There's a very weird statement that begins one of the chapters of The Valley of Fear, written by the hand of John H. Watson, and it reads as follows:
"Now for a moment I will ask leave to remove my own insignificant personality and to describe events which occurred before we arrived upon the scene by the light of knowledge which came to us afterwards."
Now, maybe it's just because I recently watched HBO's Deadwood revival and final episode all in one, but this elaborately phrased bit of subservience reminded me of the toadying mayor of Deadwood, E.B. Farnum, played to perfection by William Sanderson. (Best remembered by old sitcom fans as Larry of brothers Larry, Darryl, and Darryl on Newhart.) Who it completely didn't remind me of was John H. Watson.
John Watson, of course, always focused more on Sherlock Holmes than himself, and gave us very meagre details of his own lift in the Canon of Holmes. But to have him come out and beg the reader's permission to "remove my own insignificant personality," well, that smacks of some severe self-esteem issues of the sort we would, perhaps optimistically, never associate with the good doctor.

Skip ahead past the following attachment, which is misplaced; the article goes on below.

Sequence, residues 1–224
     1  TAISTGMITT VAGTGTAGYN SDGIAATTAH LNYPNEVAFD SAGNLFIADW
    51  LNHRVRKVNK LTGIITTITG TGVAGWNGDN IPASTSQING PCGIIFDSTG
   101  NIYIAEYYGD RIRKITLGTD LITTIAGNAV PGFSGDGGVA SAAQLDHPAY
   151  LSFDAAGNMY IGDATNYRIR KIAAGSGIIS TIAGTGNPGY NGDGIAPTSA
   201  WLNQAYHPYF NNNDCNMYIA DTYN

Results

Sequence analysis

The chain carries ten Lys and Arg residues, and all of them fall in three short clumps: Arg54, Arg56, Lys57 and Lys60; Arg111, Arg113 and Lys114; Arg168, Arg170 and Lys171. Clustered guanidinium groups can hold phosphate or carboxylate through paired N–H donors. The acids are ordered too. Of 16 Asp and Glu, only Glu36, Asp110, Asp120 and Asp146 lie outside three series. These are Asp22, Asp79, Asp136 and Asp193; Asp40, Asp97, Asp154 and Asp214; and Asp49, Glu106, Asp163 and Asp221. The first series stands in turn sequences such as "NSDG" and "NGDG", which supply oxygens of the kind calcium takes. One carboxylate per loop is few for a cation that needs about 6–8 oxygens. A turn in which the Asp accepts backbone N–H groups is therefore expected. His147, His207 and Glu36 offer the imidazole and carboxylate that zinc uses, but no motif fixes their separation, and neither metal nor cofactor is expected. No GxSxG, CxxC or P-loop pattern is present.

Or is it just Victorian politeness?
The Valley of Fear started coming out in September 1914, a good decade after the Victorian era was done. It was also the year that World War One began, and a month after the events described in "His Last Bow" took place. So when Watson began writing up the novel, his friend Sherlock Holmes had been on his second hiatus -- that two year stint undercover in America, and John was surely feeling completely deserted by his old friend. If he tried to reach out for word of Sherlock via brother Mycoft, whatever response he received was surely nothing to salve those wounds, either.
So for John Watson to be feeling pretty low about himself in early 1914? Not all that surprising. Trying to fight those feelings by writing a new novel of better times with Sherlock would not be all that surprising either, even if some reflections of his darker moments showed through in the text now and then, as in that "insignificant" line.
But by the time the novel was out, Sherlock Holmes was back, there was a war to deal with, and Watson had no time to be so insignificant. Because he had to be John H. Watson, after all.